504 Plans: Creating an equitable school environment

DARING. If you are a student at LHS, chances are, you’ve heard or seen that word at least once this week. It is well known that DARING represents the qualities that D128 strives to develop in its students: Being a dreamer and doer, being aware, resilient, inquisitive, nimble and global. 

We all have different starting points and roadblocks and need opportunities to develop these skills. And so parallel to its DARING mission, LHS provides support to students with physical and or mental impairments to create an equitable school environment. This support comes in the form of 504 plans and Individualized Learning Plans (IEPs). 

Approximately 11 percent of students at LHS have a 504 plan, according to special needs specialist and school psychologist Mrs. Claire DiBella. Despite the fact many students are impacted by 504s and IEPs, many students have no idea these plans exist, much less what they are. 

504 plans come from Section 504 of the Rehabilitation Act of 1973, a federal civil rights law that protects against discrimination of students grades K-12 with a “physical or mental impairment” that interferes with school. These impairments include any physiological disorder or condition, as well as any mental or physical disorder. The law deems that those students have the right to federally funded programs and activities.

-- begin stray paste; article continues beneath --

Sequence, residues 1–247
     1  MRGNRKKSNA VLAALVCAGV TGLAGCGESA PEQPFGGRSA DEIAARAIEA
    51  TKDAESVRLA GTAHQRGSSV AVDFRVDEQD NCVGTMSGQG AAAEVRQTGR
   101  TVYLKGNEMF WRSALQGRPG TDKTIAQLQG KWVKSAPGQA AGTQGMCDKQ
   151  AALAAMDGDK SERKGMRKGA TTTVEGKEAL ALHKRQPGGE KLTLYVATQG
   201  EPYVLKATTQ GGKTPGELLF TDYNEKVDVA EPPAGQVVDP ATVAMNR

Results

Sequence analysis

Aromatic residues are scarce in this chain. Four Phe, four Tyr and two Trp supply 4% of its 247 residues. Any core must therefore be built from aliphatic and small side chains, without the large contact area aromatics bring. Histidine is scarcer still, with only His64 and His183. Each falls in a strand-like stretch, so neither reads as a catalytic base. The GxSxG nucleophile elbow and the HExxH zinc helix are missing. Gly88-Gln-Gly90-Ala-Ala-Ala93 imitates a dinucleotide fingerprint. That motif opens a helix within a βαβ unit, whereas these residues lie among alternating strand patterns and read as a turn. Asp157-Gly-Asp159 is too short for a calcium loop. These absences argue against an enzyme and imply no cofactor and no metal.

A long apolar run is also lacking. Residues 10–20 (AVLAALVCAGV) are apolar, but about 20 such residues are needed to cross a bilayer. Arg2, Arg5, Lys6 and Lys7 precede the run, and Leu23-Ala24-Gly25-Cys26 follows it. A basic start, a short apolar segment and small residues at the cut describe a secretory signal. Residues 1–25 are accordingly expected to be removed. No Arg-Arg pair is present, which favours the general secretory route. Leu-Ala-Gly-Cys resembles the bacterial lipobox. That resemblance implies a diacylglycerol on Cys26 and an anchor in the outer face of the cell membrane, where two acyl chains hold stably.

Additionally, through the Individuals with Disabilities Act (IDEA), some students are eligible for Individualized Education Plans (IEPs) under the 13 different eligibilities outlined in IDEA.

“The main difference when you’re looking at eligibility between IEP and 504 is; does [a student] need specialized instruction and related services in order to remediate a deficit that’s adversely impacting them, or do they just need accommodations in order to level the playing field?” Special Education co-supervisor Mrs. Alyssa Henning said. 

The first point of contact in creating 504 plans is between a student’s Learning Support Team (LST) and the students and their families. The LSTs, teachers, families and students work together on different levels of intervention in order to support the student. LST counselors case-manage the 504 plans with the assistance of Mrs. DiBella. Mrs. DiBella believes the roles of the counselors and LSTs are vital in this process.

 “It all starts with those conversations back at the LST and working with the teachers and family to figure out what needs to be addressed,” Mrs. DiBella said. 

Once a student has been deemed eligible, the LSTs and Mrs. DiBella work towards creating a specific list of accommodations for the student. These accommodations are individualized to the student–  even two students with the same impairments will probably not have the same plan. 

“We are prescriptive in terms of the accommodations,” DiBella said. “It’s based on data that we receive from a wide variety of sources – to determine what areas a student needs accommodations for in an individualized way.” Sources can include outside evaluations, teacher feedback, test data from standardized testing, student interviews and medical reports.